Atormac
briv
Neurology India
menu-bar5 Open access journal indexed with Index Medicus
  Users online: 804  
 Home | Login 
About Editorial board Articlesmenu-bullet NSI Publicationsmenu-bullet Search Instructions Online Submission Subscribe Videos Etcetera Contact
  Navigate Here 
 Search
 
  
 Resource Links
    Similar in PUBMED
   Search Pubmed for
   Search in Google Scholar for
    Article in PDF (760 KB)
    Citation Manager
    Access Statistics
    Reader Comments
    Email Alert *
    Add to My List *
* Registration required (free)  

 
  In this Article
   References
   Article Figures
   Article Tables

 Article Access Statistics
    Viewed2729    
    Printed27    
    Emailed0    
    PDF Downloaded77    
    Comments [Add]    
    Cited by others 1    

Recommend this journal

 


 
Table of Contents    
LETTER TO EDITOR
Year : 2015  |  Volume : 63  |  Issue : 1  |  Page : 119-120

Isolated conus-epiconus neurocysticercosis


Department of Neurosurgery, Sir Jamsetjee Jeejebhoy Group of Hospitals and Grant Medical College, Mumbai, Maharashtra, India

Date of Web Publication4-Mar-2015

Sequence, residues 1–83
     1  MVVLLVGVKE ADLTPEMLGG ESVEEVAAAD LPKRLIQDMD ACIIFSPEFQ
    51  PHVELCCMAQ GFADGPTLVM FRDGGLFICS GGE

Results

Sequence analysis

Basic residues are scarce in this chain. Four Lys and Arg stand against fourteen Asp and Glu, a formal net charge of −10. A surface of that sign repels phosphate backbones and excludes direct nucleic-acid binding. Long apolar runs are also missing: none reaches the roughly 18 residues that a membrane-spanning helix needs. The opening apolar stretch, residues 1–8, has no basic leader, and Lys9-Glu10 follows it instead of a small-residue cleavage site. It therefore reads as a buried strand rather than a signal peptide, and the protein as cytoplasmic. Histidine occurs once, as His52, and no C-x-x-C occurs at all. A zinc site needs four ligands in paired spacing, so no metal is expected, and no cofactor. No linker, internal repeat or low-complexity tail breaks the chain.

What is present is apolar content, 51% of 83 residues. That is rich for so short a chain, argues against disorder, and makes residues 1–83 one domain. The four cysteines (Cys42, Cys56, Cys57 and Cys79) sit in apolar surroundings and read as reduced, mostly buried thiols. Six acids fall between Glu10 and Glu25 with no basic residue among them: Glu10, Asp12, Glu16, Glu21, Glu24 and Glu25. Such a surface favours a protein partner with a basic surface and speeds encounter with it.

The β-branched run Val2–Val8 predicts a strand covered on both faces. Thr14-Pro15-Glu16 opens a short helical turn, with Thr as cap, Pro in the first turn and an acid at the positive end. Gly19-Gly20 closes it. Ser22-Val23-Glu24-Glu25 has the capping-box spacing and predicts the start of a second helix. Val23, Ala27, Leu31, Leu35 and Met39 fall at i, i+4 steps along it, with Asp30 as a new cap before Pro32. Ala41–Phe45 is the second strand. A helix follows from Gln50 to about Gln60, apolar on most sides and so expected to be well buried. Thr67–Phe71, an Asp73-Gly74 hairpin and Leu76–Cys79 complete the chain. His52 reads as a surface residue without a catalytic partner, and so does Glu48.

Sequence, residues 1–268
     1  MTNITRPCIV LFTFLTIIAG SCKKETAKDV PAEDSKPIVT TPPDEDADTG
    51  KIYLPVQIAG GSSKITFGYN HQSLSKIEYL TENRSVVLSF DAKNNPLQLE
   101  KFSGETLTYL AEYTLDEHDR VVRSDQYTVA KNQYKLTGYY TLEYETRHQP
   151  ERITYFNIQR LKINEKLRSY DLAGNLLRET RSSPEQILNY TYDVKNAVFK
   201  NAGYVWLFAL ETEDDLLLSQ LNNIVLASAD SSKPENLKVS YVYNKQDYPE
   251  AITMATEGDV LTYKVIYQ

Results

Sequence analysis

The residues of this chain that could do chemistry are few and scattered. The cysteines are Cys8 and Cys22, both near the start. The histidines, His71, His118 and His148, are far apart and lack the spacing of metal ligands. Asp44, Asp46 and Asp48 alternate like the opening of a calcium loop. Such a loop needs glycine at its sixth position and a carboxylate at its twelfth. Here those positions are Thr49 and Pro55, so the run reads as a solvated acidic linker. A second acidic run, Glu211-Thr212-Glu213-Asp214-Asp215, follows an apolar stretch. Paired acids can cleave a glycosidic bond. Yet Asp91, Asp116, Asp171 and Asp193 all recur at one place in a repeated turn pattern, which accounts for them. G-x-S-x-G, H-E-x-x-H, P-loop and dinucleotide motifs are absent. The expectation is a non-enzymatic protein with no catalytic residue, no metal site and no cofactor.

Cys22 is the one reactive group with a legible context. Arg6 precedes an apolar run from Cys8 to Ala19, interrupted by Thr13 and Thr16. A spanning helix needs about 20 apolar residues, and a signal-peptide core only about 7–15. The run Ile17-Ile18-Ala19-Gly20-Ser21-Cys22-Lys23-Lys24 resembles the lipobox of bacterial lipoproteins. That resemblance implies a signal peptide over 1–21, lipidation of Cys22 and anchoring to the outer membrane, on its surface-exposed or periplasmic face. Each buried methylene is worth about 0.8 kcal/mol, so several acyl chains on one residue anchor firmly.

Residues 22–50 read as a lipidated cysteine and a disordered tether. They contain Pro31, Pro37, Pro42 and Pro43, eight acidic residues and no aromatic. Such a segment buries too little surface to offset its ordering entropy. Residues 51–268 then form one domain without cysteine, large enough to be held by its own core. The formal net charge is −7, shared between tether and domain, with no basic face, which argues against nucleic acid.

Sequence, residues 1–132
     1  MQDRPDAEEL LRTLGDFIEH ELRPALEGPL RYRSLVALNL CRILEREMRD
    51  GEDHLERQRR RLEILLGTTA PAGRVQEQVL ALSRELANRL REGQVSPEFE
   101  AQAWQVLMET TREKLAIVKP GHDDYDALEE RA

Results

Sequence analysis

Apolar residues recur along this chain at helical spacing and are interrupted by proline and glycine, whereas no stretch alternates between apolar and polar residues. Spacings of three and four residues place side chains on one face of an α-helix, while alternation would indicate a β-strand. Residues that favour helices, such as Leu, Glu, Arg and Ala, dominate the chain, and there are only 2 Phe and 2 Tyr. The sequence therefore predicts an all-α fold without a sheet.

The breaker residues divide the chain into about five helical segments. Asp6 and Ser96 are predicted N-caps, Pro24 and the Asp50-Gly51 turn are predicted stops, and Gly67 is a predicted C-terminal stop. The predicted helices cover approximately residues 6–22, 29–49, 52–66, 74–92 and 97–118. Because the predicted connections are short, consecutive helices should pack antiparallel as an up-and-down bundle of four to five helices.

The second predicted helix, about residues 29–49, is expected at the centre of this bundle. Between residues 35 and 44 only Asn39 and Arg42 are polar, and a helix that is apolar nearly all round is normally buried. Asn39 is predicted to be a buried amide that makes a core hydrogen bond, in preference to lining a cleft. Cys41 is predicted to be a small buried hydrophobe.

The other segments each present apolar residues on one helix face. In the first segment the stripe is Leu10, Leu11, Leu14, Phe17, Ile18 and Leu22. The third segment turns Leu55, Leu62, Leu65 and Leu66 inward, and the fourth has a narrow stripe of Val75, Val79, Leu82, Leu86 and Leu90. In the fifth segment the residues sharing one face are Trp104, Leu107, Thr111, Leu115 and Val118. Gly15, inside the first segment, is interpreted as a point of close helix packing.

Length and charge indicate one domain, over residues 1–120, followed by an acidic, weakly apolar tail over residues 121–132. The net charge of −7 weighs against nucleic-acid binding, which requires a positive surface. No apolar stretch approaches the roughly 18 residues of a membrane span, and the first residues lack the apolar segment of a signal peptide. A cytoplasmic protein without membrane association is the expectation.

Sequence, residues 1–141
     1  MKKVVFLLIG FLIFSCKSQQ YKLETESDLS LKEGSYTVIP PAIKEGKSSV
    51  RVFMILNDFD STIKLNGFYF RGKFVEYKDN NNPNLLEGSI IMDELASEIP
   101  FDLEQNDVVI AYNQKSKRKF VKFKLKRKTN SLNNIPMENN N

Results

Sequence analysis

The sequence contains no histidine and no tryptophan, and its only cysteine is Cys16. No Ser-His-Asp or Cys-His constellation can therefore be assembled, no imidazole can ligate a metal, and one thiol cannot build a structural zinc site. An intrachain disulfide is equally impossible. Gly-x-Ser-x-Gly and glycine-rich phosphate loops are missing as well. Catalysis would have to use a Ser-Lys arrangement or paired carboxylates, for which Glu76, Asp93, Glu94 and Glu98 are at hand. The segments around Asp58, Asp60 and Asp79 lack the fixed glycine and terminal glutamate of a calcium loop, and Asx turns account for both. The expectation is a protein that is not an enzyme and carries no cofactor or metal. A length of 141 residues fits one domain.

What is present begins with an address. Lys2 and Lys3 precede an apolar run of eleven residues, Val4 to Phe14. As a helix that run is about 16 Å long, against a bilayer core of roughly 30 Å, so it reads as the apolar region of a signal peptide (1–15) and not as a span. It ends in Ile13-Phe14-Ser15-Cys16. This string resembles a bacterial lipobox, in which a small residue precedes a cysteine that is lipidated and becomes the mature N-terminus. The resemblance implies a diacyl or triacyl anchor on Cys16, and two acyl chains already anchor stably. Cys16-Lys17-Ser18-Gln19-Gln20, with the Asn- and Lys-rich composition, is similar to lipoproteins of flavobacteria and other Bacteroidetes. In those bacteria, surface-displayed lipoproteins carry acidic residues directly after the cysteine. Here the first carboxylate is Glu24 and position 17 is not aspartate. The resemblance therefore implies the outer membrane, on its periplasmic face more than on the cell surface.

Correspondence Address:
Shonali A Valsangkar
Department of Neurosurgery, Sir Jamsetjee Jeejebhoy Group of Hospitals and Grant Medical College, Mumbai, Maharashtra
India
Login to access the Email id

Source of Support: None, Conflict of Interest: None


DOI: 10.4103/0028-3886.152686

Rights and Permissions



How to cite this article:
Valsangkar SA, Kharosekar HU, Palande DA, Velho V. Isolated conus-epiconus neurocysticercosis. Neurol India 2015;63:119-20

How to cite this URL:
Valsangkar SA, Kharosekar HU, Palande DA, Velho V. Isolated conus-epiconus neurocysticercosis. Neurol India [serial online] 2015 [cited 2021 May 8];63:119-20. Available from: https://www.neurologyindia.com/text.asp?2015/63/1/119/152686


Sir,

Neurocysticercosis (NCC) occurs due to infestation by Taenia solium which is most common parasitic disease of the central nervous system. In endemic areas, the incidence of NCC is 4% in the general population. However, spinal involvement with NCC is rare with a reported incidence of only 1.5-3% of all cases. NCC is classified as extraspinal (vertebral) or intraspinal (epidural, subdural, arachnoidal or intramedullary), of which the intramedullary type is rare with less than 55 cases reported in the literature. We report a case of conus and epiconus intramedullary cysticercosis. [1]

A 40-year-old male patient presented with progressively worsening radicular pain in both lower limbs with weakness in the toes since 2 months. Since 15 days, he also had sphincteric disturbances. His neurological examination revealed weakness in bilateral external hallucis longus. The ankle reflexes were bilaterally brisk with positive Babinski's sign. Non contrast magnetic resonance (MR) imaging revealed a large intramedullary lesion in the conus and epiconus region displaying heterogeneous low signal intensity on T2 and intermediate signal intensity on T1-weighted images with ring enhancement. Rest of the spinal and brain MR screening was normal [Figure 1] and [Figure 2].